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What's On My Shelf (Jun 2023)

Updated: Sep 12

Do you typically have more time to read in summer, or less?

Do you have more time to read in summer, or less?

  • MORE!

  • Less

The summer months are often filled with events and activities, the kids are on break from school which adds to the liveliness of being home. Sometimes there's a road trip, beach days or camping that allow us a little more rest and space.

Well, if you're looking for a few ideas for reading, here's a few I've enjoyed and would recommend.

Follow along on Goodreads:

Christian Living

* Say the Right Thing: How Your Words Can Glorify God and Encourage Others by Carolyn Lacey

I don't always say the right thing. I wish I did, but I don't. This book teaches us to value and become more intentional in the words we say. Read my full review here. (5 stars)

* Never Cast Out: How the Gospel Puts an End to the Story of Shame by Jasmine Holmes

If you've ever experienced shame, you know it's often a deeply buried emotion. In this book, Jasmine teaches us what shame looks like in our life and how the Gospel gives us both an answer and an ending to it. Read my full review here. (4 stars)

* Friendship with God: A Path to Deeper Fellowship with the Father, Son and Spirit by Mike McKinley

Discover more about what it means to have friendship with the Triune God through the wisdom of John Owen's classic, Communion with God. I enjoyed the Trinitarian approach to this topic. I wrote a longer review here. (4 stars)

* Worthy: Living in Light of the Gospel by Sinclair Ferguson

"Certainly too many Christians have suffered from a “conditional” sense of acceptance with God—as though his love for us is ultimately dependent on how well we perform. God then becomes like a schoolmaster to be pleased by a satisfactory performance, or a policeman who makes sure we are keeping the laws, whereas the gospel is about his grace, because it comes from “the God of all grace” (1 Pet. 5:10)."

This short book invites the believer back to a life of integrity, one worthy of the calling we've been given. While it's more on the academic side, it's a compelling and important message for believers. (4 stars)

For Learning

The Policy Governance Model and the Role of the Board Member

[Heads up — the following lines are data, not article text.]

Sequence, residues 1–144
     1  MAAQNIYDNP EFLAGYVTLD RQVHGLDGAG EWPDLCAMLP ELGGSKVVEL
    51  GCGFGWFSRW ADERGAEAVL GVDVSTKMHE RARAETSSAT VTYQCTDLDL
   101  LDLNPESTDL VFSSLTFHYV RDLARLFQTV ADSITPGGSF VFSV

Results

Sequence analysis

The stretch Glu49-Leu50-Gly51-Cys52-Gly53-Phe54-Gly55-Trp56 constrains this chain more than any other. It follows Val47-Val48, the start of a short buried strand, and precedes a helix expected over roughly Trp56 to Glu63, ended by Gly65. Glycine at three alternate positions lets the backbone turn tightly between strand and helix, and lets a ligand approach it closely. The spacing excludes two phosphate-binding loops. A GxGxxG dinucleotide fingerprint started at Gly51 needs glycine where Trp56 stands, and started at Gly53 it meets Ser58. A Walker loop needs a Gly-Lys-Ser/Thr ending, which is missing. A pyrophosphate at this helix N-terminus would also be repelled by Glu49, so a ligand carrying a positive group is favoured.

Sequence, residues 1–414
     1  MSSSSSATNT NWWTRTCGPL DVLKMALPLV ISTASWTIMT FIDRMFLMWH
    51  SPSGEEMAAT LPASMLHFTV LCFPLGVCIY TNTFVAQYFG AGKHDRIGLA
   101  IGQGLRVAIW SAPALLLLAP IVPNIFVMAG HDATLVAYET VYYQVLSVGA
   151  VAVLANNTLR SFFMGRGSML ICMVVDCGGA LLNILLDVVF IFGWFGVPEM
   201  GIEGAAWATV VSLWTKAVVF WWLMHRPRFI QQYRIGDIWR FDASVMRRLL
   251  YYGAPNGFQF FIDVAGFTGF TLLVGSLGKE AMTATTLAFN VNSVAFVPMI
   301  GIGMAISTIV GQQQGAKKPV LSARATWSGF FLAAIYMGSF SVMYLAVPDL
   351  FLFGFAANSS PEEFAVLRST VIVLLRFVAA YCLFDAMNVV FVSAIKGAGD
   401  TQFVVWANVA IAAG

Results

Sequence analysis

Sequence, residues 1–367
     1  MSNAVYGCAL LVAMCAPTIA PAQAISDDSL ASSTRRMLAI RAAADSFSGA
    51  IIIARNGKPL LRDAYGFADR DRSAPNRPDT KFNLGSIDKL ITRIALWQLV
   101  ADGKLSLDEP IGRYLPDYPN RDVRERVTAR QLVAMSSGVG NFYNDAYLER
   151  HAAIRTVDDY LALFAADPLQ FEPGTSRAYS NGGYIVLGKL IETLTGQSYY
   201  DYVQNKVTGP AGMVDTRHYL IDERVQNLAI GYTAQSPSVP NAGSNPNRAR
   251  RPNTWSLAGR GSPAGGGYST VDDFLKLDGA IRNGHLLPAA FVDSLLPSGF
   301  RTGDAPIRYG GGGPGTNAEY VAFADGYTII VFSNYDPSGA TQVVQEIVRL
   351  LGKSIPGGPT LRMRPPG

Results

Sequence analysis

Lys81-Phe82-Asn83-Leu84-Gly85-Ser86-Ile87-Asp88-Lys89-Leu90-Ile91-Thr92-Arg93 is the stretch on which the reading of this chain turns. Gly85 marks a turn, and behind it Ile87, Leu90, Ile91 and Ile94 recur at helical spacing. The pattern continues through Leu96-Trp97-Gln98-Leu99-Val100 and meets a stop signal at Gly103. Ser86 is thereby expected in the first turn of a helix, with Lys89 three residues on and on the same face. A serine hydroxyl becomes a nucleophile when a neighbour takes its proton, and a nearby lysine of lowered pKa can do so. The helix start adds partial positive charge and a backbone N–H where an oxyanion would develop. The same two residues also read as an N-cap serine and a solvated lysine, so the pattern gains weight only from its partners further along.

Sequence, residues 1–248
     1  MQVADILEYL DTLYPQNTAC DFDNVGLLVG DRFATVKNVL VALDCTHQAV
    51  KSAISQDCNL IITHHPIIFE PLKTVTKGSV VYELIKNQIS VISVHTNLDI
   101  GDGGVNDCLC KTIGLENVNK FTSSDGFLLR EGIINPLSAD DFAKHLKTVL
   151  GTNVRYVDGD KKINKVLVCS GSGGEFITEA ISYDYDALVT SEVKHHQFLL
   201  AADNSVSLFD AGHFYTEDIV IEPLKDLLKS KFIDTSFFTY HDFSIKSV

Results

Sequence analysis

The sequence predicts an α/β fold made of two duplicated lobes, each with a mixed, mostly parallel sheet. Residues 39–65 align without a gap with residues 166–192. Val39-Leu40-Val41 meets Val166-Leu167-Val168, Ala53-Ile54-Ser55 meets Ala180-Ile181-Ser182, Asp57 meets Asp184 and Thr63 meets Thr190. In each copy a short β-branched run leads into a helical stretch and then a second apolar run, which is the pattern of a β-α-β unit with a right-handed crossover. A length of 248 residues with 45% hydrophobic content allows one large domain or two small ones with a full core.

I have the blessing of serving on the home council for Africa Inland Mission Canada, which is the organization that sent us when we were church-planting in East Africa. As this board is run by policy governance, it's been a learning curve and these booklets by the Carvers, I've found, have been really helpful to help me understand my role and how policy governance works. Next up....The Governance of Financial Management.

The Rise and Triumph of the Modern Self: Cultural Amnesia, Expressive Individualism and the Road to Sexual Revolution by Carl Trueman

“This book is neither a lament nor a polemic. It is rather an attempt to explain how the revolution of the self came to take the form it has in the West and why that is so culturally significant.” I've had this on my list for awhile, and now my last seminary course for my master's is on the theology of the human person, and this one is on the reading list. I found it an insightful journey toward understanding some historical and philosophical elements of the sexual revolution. I'd definitely recommend it if you're learning about the topic.


*Love Unseen by Rachel Kelley Stones

This cinderella-esque story features a heroine with a disability. (Can't tell you yet, it will ruin the first chapter!)

The author takes you into Hannah's world: the struggles she faces being among crowds and unfamiliar places, the disdain of her family, and the humility of a new friend who makes his own blunders along the way - both extending grace and forgiveness. The character of her father, though he's passed away, is a hero himself for how he fought for and cared for her.

Jonathon is a man trying to navigate home again in England after spending many years abroad in business. Not well-received back into his homeland, shunned by society as undeserving of his new title, he's preoccupied with finding his place, which leads to his blunders with Hannah.

This is a clean read, written for general market.

*Windsong Manor by Julie Wright

Eleanora had a difficult marriage. Now she's a widow fighting to keep and raise her children -facing resistance and interference from her husband's will and her husband's solicitor. The stable master has proven to be an unexpected help in teaching riding to her kids and becomes one of her closest allies. When his secret is revealed and her worst nightmare unfolds, she faces a very uncertain future.

Clean, historical fiction written for general market.


* denotes books I've received from Netgalley and/or the publisher in exchange for an honest review.

I hope you enjoyed the tour through these titles and that you found something of interest. You can always leave a comment and let me know what's on your shelf lately! I'm always on the hunt for book recs!


Previously On My Shelf

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